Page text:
Nov 13, 2014
    Hi Rachel
    My 86 year old mum also has dementia and breast cancer. She is adamant that she does not have cancer, because her body will not allow that to happen! The GP persuaded me to take her to the consultant, who explained that she has a large malignant lump which will become fungoid and smelly if left untreated. But mum is very clear that she does not want to be "messed about". And I respect that. Why not leave her in la-la land where she is happy for the time being, and cross bridges if and when we come to them?
    A few weeks ago I attended the funeral of a neighbour, who had endured nearly 3 years of horrible treatment for bowel cancer.
    What is the point? We must all die of something. You can only base your decision on your knowledge of your loved one's wishes before they had dementia. But I personally would go for quality rather then length of life every time.
    Don't know if this is any help at all - I hope so.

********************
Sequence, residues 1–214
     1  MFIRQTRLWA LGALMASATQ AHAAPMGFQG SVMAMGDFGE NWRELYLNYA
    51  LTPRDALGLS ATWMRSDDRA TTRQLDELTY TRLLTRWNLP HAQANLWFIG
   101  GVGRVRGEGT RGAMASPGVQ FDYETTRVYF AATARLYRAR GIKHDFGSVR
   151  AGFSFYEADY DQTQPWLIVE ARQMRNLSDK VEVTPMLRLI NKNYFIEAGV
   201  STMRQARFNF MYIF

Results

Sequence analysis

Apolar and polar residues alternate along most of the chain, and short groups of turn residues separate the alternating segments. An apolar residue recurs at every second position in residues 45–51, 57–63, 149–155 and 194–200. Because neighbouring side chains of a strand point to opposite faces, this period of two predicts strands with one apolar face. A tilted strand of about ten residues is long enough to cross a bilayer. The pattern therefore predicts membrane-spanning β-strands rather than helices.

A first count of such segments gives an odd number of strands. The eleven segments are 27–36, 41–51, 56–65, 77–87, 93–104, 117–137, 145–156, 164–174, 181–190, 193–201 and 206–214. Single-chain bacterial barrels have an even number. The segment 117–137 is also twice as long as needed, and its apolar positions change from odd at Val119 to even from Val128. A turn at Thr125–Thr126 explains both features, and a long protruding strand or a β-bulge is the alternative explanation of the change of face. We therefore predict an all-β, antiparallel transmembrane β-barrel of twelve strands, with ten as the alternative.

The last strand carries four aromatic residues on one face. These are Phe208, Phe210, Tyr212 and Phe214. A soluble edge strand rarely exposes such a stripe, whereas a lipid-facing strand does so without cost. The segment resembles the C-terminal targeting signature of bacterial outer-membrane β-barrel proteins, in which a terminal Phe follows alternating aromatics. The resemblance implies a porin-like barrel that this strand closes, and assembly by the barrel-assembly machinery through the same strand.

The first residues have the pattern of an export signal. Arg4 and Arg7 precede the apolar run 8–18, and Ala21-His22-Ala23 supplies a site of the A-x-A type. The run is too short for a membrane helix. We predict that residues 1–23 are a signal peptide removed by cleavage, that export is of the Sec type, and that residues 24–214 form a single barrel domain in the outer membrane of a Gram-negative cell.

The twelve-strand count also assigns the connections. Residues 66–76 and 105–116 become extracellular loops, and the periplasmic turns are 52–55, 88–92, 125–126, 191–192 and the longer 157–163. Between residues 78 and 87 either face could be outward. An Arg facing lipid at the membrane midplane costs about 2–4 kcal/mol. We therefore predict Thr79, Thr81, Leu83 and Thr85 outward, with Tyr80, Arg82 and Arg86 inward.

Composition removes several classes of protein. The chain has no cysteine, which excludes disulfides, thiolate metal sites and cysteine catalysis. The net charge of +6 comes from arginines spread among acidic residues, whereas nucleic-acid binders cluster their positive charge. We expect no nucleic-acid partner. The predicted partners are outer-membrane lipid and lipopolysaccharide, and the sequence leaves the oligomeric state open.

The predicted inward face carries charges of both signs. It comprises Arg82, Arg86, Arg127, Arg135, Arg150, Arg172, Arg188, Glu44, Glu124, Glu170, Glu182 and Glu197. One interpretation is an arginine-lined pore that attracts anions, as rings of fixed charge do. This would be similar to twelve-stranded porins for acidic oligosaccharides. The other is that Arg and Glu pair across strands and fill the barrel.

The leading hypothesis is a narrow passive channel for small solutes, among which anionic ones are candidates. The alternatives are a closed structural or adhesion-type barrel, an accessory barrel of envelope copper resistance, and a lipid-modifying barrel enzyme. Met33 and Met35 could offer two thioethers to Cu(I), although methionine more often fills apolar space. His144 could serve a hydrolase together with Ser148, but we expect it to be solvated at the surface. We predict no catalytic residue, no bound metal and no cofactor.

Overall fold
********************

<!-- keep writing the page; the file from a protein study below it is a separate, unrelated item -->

5. Countryboy

    Countryboy Registered User

    Mar 17, 2005
    My Dad and Mum , mums Brother & Sister all had dementia and all died of a Cancer
    but ther were in their ninities so lived to good age
  6. Fred Flintstone

    Fred Flintstone Registered User

    Aug 28, 2014
    S. E. England
    #6 Fred Flintstone, Jun 24, 2015
    Last edited: Jun 24, 2015
    Hi Rachel and welcome to the forum.

    My first thought is, how helpful would it be for your grandfather to know and understand that he's been diagnosed with what is probably a terminal illness particularly given that he probably wouldn't be able to do either?

    In your place I would try to get him good palliative care, just to keep him as comfortable as possible and to try and treat the symptoms one by one as they appear.

    Heroic cancer treatment is probably simply impossible for him. My own father needs a permanent catheter because of an enlarged prostate. When I asked about an operation, the consultant urologist said that it was not only a matter of whether he would survive the operation, but also of how long it would take him to re-mobilize afterwards. On the latter point he said the chances are that my father never would.

    I understand King George VI was never told he had the cancer of which he was to die. He had an operation to remove an obstruction in his lung, so he was told, and passed away quietly in his sleep.

    It all depends on the stage of the cancer, and of what treatment is appropriate to the needs of a sick old man with dementia.